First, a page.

Saturday, April 14, 2007


"Canst thou draw out the leviathan with a hook, or tie his tongue with a cord?
Canst thou put a ring in his nose, or bore through his jaw with a buckle?
Lay thy hand upon him: remember the battle, and speak no more.
Behold his hope shall fail him, and in the sight of all he shall be cast down. "

-Job 40:20-28

The trial of Job is one of the most colorful episodes in all of Scripture. We read of Job, the just honest man, who loses everything he ever cared for in his life-- family, property, social esteem-- the unfortunate target of the Adversary's wiles. Throughout the course of the narrative, Job goes from being favorable in the eyes of God to a social pariah, ostracized by all including his closest friends. However, this post does not deal about Job, or the theological implications of his story; rather, I will focus on a seemingly marginal character, the Leviathan.

In the Jewish haggadah, the Leviathan is supposedly a creature of utterly immense size and immeasurable power. Created originally male and female, the Leviathan was the undisputed ruler of the seas, the lord of the ocean deep. It was aptly described as 'the plaything of God' on account of its greatness. Now the reason why the Lord slew the other half-- the female, we are told-- is because when the two should ever copulate, there was a very real possibility that all of creation would be destroyed in the process. God preserved the male because it was destined to play a part in the Final Judgment, to do battle with the Behemoth in a final affirmation of the majesty and glory of God.

The Leviathan was supposedly 3000 miles in length, and required all the fish that flowed from the river Jordan into the sea for food everyday. When Leviathan fed, its rival, the Behemoth, though undoubtedly formidable, could not placate itself until the sea monster finished satisfying its hunger. The Leviathan, however, is not invincible, for it is wary of the stickleback, a fish only three inches long yet is also the only thing that keeps it in check. He stands in awe at this tiny fish, whose purpose was precisely to keep the beast from devouring all the produce of the sea.

Leviathan is also wonderul and terrible. When he is hungry, a hot breath flows from his jaws which makes the entire ocean boil. His fins radiate brilliant light, which obscures even the very ligt of the sun. His eyes evoke the splendor of the Creator, for when the beast opens them, the sea is frequently illuminated by the light that flows from them. Leviathan also exudes a foul stench, the foulest in all creation. This is the main reason why he was placed in the sea, so that this stench could not befoul the rest of creation. Indeed, the Leviathan's odour is so strong, that even a single whiff of itis enough to render Paradise itself an impossible abode!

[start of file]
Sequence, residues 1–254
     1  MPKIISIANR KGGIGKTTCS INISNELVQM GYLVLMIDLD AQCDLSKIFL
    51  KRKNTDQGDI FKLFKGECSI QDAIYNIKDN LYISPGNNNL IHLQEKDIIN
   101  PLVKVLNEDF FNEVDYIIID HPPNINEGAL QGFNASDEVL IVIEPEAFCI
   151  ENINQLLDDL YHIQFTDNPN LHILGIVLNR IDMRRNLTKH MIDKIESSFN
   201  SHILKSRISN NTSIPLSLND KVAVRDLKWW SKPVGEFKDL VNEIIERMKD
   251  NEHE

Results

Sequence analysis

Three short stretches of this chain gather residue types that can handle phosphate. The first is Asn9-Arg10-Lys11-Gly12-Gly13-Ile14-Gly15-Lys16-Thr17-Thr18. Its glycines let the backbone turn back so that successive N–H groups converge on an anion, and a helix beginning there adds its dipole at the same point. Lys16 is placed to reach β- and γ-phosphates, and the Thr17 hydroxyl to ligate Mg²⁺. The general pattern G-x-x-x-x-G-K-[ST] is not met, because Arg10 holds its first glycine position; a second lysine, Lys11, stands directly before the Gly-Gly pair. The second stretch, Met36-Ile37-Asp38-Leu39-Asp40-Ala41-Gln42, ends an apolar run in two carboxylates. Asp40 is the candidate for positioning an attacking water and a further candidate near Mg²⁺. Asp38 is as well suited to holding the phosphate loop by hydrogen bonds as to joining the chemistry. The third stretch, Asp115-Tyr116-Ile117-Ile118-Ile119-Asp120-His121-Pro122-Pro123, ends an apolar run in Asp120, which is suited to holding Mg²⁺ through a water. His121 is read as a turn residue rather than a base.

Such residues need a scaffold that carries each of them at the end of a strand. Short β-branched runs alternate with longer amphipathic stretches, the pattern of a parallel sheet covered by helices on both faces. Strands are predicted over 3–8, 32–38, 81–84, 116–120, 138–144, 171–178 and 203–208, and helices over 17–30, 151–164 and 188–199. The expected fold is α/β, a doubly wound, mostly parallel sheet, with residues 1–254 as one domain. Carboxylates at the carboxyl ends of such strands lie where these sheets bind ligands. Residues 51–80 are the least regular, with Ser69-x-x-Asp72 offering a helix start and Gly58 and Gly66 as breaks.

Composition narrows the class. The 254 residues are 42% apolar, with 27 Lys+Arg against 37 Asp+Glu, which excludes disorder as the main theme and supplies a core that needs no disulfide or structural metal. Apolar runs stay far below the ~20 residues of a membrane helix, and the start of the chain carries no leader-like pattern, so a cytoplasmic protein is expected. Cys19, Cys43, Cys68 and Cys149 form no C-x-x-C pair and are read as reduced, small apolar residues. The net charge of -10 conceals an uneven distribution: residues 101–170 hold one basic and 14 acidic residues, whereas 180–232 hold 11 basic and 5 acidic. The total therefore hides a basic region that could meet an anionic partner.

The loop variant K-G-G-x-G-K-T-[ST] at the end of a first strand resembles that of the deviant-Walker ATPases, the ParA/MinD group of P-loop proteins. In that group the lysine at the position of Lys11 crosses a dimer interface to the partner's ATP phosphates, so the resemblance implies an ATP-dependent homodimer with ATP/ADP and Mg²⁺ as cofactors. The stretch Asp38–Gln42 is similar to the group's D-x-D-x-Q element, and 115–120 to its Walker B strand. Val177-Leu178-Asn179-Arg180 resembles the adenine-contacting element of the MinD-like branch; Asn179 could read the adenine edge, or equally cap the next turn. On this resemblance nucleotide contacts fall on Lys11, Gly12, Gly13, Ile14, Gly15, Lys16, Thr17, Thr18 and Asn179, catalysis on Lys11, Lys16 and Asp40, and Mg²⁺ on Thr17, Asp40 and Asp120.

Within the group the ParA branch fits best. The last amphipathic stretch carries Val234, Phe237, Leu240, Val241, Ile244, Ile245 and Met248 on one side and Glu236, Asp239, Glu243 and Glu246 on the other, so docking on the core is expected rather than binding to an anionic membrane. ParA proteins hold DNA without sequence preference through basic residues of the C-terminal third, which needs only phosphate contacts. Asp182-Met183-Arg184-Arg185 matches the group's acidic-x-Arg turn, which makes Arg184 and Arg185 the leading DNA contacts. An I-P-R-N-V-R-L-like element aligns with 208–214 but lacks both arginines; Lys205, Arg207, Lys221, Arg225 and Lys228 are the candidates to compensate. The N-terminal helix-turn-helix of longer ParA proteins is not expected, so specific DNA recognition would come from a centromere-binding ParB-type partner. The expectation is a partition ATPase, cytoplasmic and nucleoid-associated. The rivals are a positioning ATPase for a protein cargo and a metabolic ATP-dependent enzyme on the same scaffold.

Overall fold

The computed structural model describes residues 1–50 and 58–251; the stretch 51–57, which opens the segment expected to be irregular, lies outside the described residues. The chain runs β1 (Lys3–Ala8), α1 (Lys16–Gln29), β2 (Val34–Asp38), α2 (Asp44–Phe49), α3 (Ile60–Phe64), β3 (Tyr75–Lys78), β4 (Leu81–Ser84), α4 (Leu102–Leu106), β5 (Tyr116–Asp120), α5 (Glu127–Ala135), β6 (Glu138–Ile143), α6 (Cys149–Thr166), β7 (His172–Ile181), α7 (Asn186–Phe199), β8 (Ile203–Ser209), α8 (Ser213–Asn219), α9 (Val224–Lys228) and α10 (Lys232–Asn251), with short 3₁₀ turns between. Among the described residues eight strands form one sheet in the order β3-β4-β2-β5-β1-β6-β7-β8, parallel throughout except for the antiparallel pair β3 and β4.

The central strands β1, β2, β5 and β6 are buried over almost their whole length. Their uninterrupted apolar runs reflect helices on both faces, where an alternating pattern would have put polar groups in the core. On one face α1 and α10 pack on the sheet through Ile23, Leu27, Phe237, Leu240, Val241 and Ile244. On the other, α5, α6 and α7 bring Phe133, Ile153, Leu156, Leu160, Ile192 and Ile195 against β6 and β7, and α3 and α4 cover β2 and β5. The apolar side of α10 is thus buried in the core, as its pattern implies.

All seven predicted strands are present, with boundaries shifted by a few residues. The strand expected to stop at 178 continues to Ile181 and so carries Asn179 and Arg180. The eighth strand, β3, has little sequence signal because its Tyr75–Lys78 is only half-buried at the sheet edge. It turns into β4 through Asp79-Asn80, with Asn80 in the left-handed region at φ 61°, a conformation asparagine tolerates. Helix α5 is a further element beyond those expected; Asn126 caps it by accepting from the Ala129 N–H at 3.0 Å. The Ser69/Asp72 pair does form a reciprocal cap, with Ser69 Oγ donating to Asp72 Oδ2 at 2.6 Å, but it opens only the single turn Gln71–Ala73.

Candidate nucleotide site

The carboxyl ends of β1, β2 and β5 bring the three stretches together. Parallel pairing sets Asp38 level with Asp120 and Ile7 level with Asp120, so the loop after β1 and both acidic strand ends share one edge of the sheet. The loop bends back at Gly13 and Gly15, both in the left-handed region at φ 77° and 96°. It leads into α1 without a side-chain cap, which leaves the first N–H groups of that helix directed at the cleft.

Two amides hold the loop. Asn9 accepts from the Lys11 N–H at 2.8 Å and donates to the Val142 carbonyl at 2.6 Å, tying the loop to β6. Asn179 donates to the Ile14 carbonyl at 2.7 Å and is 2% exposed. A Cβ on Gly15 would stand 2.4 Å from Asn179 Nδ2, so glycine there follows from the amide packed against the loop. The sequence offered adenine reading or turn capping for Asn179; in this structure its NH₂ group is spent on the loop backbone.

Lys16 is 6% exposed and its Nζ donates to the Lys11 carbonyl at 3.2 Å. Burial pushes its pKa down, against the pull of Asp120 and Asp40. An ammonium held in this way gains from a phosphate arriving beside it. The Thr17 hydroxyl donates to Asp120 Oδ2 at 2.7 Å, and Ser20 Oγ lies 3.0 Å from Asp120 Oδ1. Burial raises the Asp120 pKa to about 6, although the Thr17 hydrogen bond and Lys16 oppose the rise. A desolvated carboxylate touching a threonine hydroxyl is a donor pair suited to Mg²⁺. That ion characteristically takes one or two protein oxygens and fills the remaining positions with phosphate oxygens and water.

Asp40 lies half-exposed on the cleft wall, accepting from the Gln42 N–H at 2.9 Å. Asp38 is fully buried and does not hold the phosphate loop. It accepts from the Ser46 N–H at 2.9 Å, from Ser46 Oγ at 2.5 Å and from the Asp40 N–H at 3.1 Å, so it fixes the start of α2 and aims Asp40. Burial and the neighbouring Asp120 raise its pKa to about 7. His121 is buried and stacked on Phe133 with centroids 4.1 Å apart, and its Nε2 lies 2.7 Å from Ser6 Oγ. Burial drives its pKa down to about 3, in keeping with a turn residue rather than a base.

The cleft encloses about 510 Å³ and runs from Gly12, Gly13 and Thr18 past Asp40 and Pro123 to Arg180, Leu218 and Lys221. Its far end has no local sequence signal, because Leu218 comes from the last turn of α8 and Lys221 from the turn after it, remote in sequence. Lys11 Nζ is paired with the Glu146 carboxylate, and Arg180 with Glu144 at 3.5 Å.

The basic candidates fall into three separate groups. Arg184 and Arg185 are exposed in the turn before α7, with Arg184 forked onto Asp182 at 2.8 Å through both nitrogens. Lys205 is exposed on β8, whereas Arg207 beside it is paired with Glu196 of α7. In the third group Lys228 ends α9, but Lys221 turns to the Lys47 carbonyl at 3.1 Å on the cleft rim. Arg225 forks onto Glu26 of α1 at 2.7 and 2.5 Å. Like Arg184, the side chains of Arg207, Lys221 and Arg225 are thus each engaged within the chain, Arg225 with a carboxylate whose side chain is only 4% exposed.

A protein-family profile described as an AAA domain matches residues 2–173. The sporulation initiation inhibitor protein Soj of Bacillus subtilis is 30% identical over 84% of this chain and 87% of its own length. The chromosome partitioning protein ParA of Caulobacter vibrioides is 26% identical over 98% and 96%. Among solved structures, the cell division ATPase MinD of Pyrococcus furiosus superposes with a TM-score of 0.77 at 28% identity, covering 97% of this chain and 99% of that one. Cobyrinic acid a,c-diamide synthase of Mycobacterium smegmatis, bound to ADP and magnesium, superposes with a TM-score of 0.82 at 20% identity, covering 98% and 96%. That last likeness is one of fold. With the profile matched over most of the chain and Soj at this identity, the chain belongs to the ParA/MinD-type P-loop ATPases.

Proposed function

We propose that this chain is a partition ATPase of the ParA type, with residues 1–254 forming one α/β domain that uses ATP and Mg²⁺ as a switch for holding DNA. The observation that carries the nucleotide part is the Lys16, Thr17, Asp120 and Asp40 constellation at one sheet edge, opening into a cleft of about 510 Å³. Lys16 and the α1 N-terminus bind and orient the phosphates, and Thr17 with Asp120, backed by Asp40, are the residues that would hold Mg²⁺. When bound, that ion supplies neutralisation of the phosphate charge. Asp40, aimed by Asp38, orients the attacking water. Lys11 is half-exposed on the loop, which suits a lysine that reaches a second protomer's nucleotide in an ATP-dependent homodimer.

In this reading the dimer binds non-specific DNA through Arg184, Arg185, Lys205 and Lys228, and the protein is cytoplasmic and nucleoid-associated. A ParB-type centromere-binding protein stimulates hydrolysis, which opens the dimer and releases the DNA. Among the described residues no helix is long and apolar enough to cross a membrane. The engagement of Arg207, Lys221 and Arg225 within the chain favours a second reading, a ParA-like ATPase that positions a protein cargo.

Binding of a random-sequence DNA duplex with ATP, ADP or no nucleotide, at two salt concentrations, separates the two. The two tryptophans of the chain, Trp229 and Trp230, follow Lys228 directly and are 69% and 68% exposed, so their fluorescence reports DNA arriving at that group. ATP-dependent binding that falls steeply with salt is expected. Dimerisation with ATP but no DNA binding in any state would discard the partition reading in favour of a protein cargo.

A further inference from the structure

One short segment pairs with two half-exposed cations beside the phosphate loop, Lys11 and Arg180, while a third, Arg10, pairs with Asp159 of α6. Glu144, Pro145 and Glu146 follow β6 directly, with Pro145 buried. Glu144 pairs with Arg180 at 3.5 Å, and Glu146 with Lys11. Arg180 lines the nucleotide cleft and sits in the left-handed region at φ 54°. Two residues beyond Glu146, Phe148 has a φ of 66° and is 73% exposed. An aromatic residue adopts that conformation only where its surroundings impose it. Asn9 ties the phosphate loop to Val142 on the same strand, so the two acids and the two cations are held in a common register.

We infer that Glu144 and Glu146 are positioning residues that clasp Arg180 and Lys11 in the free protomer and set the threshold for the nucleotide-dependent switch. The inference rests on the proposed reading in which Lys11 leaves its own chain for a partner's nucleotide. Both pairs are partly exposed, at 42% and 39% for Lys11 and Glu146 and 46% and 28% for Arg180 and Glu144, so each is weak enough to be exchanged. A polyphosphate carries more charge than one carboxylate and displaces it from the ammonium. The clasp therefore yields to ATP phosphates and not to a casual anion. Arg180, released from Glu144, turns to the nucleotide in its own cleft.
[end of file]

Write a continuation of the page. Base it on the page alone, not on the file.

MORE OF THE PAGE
The real purpose of the Leviathan is to serve as a dainty for the elect in the world to come. When the trumpet summons the last hour of this world, God will command his angels to do battle with the beast-- but not sooner than he casts his glance at them do they fail and flee in terror before this plaything of God. Three times will they do this, but each attempt ends in failure. And so when all seems lost, God will command Behemoth, Leviathan's ancient rival, into combat with the ruler of the deep. Both die as a result of wounds inflicted upom each other, Behemoth from a blow from Leviathan's fins, and Leviathan by a lash of Behemoth's tail. Thus the glory of God is affirmed and vindicated, and He is shown to be the Supreme Arbiter of all things. Leviathan's flesh is then served to the chosen of God, and his skin will be used to build a brilliant canopy over the celestial Jerusalem, and the light streaming from it shall illumine the whole world for all eternity.

Although the Haggada is defintely NOT Catholic in the strictest sense, I've always thought that it managed to portray the glory of God remarkably well. I have to admit that the Haggada was a salient impetus in my interest in religion. I was fascinated by the many beasts and monsters that filled its pages, from the Ziz whose head reached into the uppermost heavens and whose wings blocked out the sun, to the reem whose exotic mating habits filled me with wonder.

I like these stories not because they are true-- God help us if what was written about the Leviathan was true-- but because they show a certain truth. G.K. Chesterton once said that the main function of fairy tales is to remind us that dragons can be slain. Not all pious legends are credible and true, but I think it is because they are precisely so incredible that they become credible. The language of the Church has always been replete with symbolism; it seems that it was only after the Tridentine Council that a radical literalism began to pervade ecclesiastical jargon.

I like these stories because they remind me of the fact that 'dragons' do exist. In our time, we often look at the merely physical and empirical qualities of an object-- we know, for example, and we theorize, how dragons can breath fire, or how they flew, whether they thrived in water or not, or perhaps even their mating habits. But that is the main problem here: the dragon is reduced to a bumble of theories and words, an abstraction and merely that. We have forgotten that it is something to be feared and respected in the first place. I am not saying that we should willfully remian in ignorance, but it is always helpful to approach things as though we were approaching them for the first time. To see things through the eyes of a child is one of the greatest acts of humility we can do in this earthly life.

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